Mr Baines: Two things have happened. First of all, with the new Chief Constable, he has secured extra funding that will give the force 800 extra officers, 53 of whom are coming to Oldham. That will be a significant increase in the level of resources and, once I have trained them up to driver skills and past their initial training period, it will stop me having to move community beat officers to fill the resource gaps created. That is the first thing: 53 extra officers coming our way. In addition, the local authority have funded public community safety officers. We got 16 from the Home Office funding to start with and they have gone down very successfully and have a second tier patrol capability that fills the gap when we are going from job to job. They have to step in as tension comes down after a particular incident. We had 16 appointed to start with and in the latest bid we got seven, but on top of that Oldham Borough Council have agreed to fund 24 extra PCSOs to work in the various townships across Oldham and that will give me greater visibility of people with policing badges all over, accessible to police radios, and they become extra eyes and ears, not only for criminals but also as recipients of information and engaging with the communities.

Q98 Mr. David Clelland (Tyne Bridge): So ideally how long will the community beat officer be within that community? From when he began until he retires or somewhere in between?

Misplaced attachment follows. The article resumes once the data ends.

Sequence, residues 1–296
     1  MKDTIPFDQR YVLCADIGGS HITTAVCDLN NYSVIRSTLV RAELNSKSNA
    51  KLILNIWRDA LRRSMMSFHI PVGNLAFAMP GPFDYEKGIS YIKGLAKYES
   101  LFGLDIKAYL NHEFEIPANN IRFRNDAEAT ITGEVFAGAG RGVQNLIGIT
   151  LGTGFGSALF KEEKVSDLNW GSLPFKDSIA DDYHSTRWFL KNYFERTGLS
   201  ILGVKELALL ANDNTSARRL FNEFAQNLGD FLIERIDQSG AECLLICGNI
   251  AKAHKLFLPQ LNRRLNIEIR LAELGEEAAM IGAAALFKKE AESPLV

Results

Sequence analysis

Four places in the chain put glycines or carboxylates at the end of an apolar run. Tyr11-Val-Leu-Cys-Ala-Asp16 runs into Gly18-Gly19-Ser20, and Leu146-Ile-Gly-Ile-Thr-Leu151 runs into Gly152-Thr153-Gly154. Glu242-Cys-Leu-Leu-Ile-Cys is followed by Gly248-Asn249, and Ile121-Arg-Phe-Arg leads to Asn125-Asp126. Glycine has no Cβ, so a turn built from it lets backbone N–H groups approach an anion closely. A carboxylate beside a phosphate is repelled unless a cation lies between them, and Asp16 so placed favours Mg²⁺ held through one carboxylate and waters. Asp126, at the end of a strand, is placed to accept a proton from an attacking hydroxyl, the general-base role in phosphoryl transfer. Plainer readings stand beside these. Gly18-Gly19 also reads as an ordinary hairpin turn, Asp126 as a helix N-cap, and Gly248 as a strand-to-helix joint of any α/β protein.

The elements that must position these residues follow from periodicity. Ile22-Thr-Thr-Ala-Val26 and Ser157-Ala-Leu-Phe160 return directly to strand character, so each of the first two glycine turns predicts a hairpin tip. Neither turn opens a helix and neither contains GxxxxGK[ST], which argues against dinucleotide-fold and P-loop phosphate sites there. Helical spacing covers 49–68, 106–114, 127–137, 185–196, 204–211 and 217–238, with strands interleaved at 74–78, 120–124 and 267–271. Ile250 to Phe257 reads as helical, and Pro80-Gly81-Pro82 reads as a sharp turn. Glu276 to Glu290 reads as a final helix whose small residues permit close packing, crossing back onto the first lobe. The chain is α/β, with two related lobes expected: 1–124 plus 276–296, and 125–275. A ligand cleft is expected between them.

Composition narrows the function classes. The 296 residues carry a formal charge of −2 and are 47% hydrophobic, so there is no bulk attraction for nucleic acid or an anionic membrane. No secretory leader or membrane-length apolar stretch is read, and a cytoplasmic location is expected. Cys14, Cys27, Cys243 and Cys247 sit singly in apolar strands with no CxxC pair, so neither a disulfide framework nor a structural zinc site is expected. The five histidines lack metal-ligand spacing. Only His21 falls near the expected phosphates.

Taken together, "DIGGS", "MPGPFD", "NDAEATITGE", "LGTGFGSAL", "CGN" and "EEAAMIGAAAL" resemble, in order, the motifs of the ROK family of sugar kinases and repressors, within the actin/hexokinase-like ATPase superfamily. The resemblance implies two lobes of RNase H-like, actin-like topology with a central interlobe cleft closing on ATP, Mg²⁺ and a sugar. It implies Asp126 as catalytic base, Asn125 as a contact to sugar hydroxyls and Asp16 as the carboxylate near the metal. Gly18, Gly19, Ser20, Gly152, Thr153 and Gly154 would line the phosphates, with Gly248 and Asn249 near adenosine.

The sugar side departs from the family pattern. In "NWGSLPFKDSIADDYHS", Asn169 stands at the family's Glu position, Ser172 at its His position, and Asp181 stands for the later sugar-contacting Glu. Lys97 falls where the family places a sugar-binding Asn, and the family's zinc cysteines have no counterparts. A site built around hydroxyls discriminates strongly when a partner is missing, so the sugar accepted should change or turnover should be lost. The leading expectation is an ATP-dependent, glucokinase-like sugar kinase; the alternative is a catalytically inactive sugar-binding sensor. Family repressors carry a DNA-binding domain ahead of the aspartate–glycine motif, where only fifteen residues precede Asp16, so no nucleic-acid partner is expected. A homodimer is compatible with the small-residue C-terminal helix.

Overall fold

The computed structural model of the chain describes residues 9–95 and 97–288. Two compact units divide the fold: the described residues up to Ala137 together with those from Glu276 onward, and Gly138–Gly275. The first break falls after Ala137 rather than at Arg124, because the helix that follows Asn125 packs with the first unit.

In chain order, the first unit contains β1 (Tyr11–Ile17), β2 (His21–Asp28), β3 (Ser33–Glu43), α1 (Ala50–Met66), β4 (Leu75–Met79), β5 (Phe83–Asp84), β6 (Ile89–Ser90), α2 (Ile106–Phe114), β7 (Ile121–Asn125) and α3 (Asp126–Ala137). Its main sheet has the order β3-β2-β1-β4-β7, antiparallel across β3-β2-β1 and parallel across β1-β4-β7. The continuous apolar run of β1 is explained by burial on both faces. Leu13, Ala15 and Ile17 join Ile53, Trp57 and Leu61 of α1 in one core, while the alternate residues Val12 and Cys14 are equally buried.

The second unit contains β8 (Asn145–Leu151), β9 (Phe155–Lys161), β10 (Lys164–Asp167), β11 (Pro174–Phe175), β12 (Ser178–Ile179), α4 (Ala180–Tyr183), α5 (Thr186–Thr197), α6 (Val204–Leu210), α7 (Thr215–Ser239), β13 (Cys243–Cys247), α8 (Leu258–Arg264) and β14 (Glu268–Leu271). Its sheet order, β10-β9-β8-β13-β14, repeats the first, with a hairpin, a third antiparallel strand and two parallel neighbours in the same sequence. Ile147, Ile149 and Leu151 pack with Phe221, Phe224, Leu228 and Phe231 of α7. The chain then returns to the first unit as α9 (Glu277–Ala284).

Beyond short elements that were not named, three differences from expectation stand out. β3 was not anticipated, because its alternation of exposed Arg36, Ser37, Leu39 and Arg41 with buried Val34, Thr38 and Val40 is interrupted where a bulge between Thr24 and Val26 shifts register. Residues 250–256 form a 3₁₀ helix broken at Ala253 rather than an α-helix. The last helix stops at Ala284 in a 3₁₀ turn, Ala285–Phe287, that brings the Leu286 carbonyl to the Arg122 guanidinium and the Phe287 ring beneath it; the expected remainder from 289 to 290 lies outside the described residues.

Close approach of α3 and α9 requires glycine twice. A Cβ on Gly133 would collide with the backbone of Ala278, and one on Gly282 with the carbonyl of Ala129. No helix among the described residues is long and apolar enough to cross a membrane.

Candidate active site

Mr Baines: It comes down to the individual officer. You get some officers who will go in and they will do two years, five years, in some cases they will do ten or 15 years, but it is all down to their aspirations. If they suddenly decide, "There is a new job starting and I want to join the firearms unit", or, "I want to become a detective", there is an issue about career progression, or indeed if they seek promotion, because most of our community beat officers are obviously at PC level. What we are trying to do is create a sort of interim layer, that we have community beat sergeants, and whilst they are taking on some of the respective responsive role we would like to create a smaller geographic area for them to be responsible for, and that is part of the township policing model: a small team of officers responsible for a smaller community rather than policing the whole of Oldham. It is about consistency, it is about visibility and it is about accountability to the communities.